G-10: The Secret Weapon of DIY Boat Repairers

People who enjoy fixing old boats all have their favorite products. Some like working with wood, some on fiberglass boats, others with epoxy etc. Regardless of the type of boat or construction, one product I’ve come to love is G-10. What is G-10, you ask?  It’s also known as Garolite, and is the same stuff used on your computer’s motherboard, that pressure-  and heat-formed sheet to which all the electronics are attached.

An 1/8 inch piece of G-10 can withstand 40,00 PSI, so this use of G-10 as washers for keelboats in a wet bilge is perfect.

An 1/8 inch piece of G-10 can withstand 40,00 PSI, so this use of G-10 as washers for keelboats in a wet bilge is perfect.

What is so great about it? and What is it good for? are easy questions to answer when it comes to boating applications: It is impervious to water; it is super strong yet lightweight; it won’t rot; it can be cut and shaped with wood tools; and it is fabulous for high-stress applications like backing plates for handrails, jib tracks, turning blocks, or stanchions. When used in thin 1/8-inch sheets, it has some flexibility to conform to minor contours, like cabin tops.

It is not very expensive–a 12 x 12 1/8-inch sheet costs less than $14.00. It is flame-resistant, stronger than aluminum plate of the same thickness, and, of course, is a good electrical insulator.

G-10 comes in different shapes, so this half-round on the leading edge of a keel provides perfect shape and lift

G-10 comes in different shapes, so this half-round on the leading edge of a keel provides perfect shape and lift.

In thicker ½-inch sheets, I’ve used it to customize mast partners. In solid tube form I’ve even used it to do a “nose job” on the front edge of a keel—to get the perfect round edge. The fact that it comes in a variety of shapes, sizes, and colors lends itself to your imagination on how and where it can be used. You can order it online from industrial suppliers like McMaster-Carr.

The only drawback I can think of is that G-10, like other epoxy based products, is susceptible to breaking down when exposed to UV sunlight—so if you do use it topside, a simple coat of paint will protect it; otherwise you don’t need to paint it and it is maintenance-free.  G-10 is truly a wonderful material for repairing boats.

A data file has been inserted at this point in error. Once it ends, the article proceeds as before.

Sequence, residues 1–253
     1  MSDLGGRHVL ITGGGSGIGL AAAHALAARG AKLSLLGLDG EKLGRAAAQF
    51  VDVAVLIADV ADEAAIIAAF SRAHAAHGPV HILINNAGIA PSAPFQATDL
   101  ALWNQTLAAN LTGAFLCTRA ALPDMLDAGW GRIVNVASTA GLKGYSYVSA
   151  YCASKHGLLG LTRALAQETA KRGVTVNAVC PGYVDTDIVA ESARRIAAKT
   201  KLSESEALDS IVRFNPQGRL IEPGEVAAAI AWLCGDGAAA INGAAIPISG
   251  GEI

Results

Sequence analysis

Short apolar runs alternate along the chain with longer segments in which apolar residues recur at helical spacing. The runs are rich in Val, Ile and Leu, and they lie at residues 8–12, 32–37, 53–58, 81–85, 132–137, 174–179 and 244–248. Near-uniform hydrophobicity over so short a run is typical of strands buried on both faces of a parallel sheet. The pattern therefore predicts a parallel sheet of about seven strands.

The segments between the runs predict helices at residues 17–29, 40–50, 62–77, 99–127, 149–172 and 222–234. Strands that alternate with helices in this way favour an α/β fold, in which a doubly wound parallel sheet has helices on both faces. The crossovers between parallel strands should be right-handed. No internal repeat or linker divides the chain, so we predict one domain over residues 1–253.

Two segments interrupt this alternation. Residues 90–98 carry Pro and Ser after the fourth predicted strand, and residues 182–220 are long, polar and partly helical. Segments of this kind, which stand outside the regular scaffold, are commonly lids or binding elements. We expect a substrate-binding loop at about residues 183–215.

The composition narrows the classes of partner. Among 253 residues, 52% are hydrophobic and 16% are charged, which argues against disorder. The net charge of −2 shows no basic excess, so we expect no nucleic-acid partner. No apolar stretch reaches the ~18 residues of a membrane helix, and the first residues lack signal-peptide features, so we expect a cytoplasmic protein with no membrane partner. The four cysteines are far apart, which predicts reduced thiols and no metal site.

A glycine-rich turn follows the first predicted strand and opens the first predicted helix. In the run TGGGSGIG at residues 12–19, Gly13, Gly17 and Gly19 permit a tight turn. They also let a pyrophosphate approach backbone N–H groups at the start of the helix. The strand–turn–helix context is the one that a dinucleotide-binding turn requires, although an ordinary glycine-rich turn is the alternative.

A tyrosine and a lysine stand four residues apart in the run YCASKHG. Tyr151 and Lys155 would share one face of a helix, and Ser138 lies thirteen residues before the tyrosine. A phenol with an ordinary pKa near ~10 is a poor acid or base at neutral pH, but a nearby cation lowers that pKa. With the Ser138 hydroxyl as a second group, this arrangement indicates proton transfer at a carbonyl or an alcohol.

(Editor’s note: This post originally appeared in December, 2010.)

Comments

  1. huub weijers says:

    G10 round rods are not hard to find, but I have not found a source for the G10 half-round you mention. Not surprisingly, I am working on restoring the leading edge of a retractable centerboard that is beyond patching up. Any known vendors?

    Huub

    • Peter d'Anjou says:

      Hello Huub,

      Regarding your question about G10 half round stock you should inquire at McMaster-Carr (www.mcmaster.com). These guys stock the rod in both solid and hollow form in various lengths. Worst case scenario, you can cut a hollow tube in half on a table saw, if they cannot provide it already cut for you.

      Kind regards and good luck with your project,
      Peter d’Anjou
      BoatTrader.com

  2. David says:

    Great article on application of G10 for boat repair. I need to make a structural mast step repair on my ct41.
    One of 3 mast step port to starboard fibreglass encased wood load distributing beams has rotted out due to water infiltration. These beams support the wood mast step plate. Would replacing the rotten wood that is walled with fibreglass with G10 in a vertical or horizontal laminated epoxy beam do the job. It seems that G10 has strong structural qualities, great load support, water proof, oblivious to rott and easily set in epoxy. I envision building up the beam in layers of G10 to conform exactly to the hull shape. I understand you need to be careful to not do too many layers at once so there are no problems with overheating during curing. The mast sits on teak and holly ply wood over the wood mast step plate, not a great original building design. . I want to remove the plywood and replace it with flat sheet G10 under the mast. It seems like G10 has excellent compression qualities and would support the load?

    Please if you have some advice it would be much appreciated.

    David.

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